So we’re having slightly more fun than the rest of the world that’s dealing right now with heat stroke (my family and friends in Texas are dealing with 100+ temperatures so I’ve extended a personal ban on my own complaining). The sluggishness does make me question my lizard roots…(I get so lethargic that the only thing missing is the lizard push-ups…most hilarious thing ever…if you’ve never seen it you should do a quick search…I’ll hold).

I’ve been posting more on social media than my blog (pics with few words are WAY easier!), so my summer life has been documented elsewhere. But no fear of missing out on my every sneeze! I’ve decided to capture a “best of” here to keep us all connected (ok, it’s based on nature and art rather than sneezes – lucky you).

Nature First: In the Garden

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We can finally grow tomatoes without the local wildlife eating (most of) them!

 

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Cape Honeysuckle blooms
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Plumeria in the front yard
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Often when these geraniums grow next to each other one of them creates a bloom with both color schemes in one blossom. I haven’t seen it yet this summer.

Geraniums remain my primary vote for IronMan of Flowers in So Cal. They bloom all year long here y’all, despite heat extremes and water constraints. It’s basically a weed here and I give/throw away runners all year long (poke it in the ground and you have a new geranium bed).

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This is a rose bush I rescued from my neighbor’s driveway under a “free” sign. She has a garden full of more than 200 types of roses (all with official name signs) and for some reason this one was being cycled out. It’s called a “Rosetti Rose” (for the curious). It’s the only  flower in my garden with its own pre-printed name tag.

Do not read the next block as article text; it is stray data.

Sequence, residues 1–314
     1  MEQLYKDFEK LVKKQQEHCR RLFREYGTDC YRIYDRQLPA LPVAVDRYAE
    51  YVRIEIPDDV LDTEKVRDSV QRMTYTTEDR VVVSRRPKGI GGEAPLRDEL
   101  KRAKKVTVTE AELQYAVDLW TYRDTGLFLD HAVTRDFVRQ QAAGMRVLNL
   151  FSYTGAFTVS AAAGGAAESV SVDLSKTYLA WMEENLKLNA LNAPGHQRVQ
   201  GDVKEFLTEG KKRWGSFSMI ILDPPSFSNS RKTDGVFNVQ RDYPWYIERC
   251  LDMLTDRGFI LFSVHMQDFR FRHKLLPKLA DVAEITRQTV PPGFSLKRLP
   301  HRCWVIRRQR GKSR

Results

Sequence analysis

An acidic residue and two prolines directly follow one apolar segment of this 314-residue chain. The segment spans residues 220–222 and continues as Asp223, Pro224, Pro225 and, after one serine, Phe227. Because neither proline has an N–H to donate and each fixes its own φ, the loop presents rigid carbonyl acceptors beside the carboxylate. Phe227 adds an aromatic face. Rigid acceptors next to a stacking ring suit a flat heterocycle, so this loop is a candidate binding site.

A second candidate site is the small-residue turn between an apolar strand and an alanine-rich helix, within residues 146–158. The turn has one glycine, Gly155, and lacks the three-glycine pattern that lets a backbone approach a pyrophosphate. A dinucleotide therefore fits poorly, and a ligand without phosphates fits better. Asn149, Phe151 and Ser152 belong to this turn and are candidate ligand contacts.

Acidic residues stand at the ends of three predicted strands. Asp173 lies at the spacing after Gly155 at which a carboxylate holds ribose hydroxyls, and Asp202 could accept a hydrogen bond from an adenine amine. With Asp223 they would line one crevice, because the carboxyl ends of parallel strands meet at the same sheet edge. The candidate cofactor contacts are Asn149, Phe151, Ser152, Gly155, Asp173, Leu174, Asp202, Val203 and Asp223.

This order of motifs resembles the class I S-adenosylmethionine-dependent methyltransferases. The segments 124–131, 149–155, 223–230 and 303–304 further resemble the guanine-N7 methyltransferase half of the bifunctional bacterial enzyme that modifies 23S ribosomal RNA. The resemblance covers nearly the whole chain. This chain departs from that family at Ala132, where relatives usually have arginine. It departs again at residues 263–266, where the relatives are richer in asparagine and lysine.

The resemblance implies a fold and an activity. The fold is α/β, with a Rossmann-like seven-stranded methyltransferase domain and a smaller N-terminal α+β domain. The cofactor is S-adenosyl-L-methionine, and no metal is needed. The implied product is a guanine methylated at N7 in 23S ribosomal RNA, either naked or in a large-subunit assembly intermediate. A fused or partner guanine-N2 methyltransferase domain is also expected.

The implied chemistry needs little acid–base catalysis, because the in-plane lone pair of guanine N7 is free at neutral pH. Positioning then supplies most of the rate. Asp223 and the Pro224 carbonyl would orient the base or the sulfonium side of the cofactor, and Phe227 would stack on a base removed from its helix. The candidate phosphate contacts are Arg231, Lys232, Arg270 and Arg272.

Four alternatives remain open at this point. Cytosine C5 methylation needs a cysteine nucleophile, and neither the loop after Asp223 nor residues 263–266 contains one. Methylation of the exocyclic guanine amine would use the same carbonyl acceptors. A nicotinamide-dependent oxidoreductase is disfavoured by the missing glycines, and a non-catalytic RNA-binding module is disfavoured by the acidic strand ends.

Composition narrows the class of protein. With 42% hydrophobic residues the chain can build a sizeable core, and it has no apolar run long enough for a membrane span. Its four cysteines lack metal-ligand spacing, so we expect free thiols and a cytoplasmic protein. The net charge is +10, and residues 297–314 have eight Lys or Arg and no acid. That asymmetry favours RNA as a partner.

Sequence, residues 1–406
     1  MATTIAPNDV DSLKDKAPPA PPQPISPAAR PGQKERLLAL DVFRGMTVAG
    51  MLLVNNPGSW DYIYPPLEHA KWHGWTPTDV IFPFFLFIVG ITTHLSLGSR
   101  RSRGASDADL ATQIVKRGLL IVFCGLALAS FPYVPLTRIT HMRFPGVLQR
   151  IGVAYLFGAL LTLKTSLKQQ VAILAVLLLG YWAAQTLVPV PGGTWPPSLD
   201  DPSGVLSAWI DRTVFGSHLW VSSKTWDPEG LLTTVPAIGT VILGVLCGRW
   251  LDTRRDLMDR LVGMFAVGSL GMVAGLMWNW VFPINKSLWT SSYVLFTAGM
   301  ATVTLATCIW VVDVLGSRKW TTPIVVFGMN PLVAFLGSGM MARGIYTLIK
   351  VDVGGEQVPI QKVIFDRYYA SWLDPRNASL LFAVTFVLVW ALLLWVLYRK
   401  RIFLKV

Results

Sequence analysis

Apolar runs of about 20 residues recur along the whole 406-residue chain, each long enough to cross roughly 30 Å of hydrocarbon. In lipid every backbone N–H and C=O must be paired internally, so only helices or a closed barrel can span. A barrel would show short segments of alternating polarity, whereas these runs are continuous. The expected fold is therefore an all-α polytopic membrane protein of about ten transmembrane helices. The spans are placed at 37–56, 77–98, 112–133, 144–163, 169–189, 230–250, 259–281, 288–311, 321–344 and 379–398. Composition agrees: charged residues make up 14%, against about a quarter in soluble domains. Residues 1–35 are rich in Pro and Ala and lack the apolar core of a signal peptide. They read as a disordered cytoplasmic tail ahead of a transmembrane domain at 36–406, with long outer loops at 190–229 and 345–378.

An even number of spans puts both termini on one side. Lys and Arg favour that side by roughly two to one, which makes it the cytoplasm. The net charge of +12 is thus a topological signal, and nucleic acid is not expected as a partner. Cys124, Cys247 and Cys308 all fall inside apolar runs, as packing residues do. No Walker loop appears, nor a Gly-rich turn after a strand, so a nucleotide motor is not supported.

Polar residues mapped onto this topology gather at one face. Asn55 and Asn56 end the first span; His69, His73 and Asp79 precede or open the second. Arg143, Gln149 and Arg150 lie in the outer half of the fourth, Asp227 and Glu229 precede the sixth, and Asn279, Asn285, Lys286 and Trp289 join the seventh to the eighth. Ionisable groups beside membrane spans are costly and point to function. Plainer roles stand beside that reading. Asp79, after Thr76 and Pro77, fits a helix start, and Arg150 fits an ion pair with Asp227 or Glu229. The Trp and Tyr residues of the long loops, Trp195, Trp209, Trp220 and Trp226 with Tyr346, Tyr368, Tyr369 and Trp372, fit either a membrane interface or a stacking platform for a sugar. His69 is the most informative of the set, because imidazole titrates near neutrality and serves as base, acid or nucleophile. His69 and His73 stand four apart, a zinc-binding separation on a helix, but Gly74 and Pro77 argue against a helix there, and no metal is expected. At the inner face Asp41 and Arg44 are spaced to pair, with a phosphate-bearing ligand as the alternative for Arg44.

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This wonder of nature landed on my rental car windshield when I was recently in Portland, Oregon.  What a cool way to be, huh?
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This is my pineapple experiment…

So this took years y’all. I planted three pineapple tops “Avocado-pit-style” and waited…and waited…and waited…and I’m still waiting on all but this beauty. I think 5 years might have passed while these guys sat in pots and got moved in and out of the direct sunlight (causing some lukewarm gardening discussions about placement and which should be moved where when…a lot of W questions were flung about). This is all in the shadow of a favorite previous neighbor who grew  multiple juicy and edible pineapples in pots just like this around his pool (one of these experiments came from his garden). Not sure what I’m doing differently and I can’t guarantee the above fruit will ever be edible. But we continue to try…

So that’s what’s happening in my corner these days. I’ve also been crocheting, drawing and experimenting with the special stitches on my sewing machine so stay tuned.

Happy crafting!

Everything’s Coming up Roses!

My across-the-street neighbor grows only roses (she has over 200 different kinds, all with little signs stating their names!). I refer to her as The Rose Lady on my dog walks when people ask where I live (“across from the Rose Lady”) which always gets a resounding, “Oh yeah!” Everybody knows The Rose Lady, and we’re lucky enough to see her garden from our bedroom window every day.

She encourages everyone to cut a bouquet whenever they want so I headed over this (warm) afternoon to trim a few blooms and plunge them in water.

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I lined them up on the floor for easiest pictures…and now I want to leave them there!
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An army of roses!
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I love this splatter pattern. These remind me of candy.
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These rose petals are orange on the outside and red on the inside. I couldn’t capture the beauty of the whole bouquet.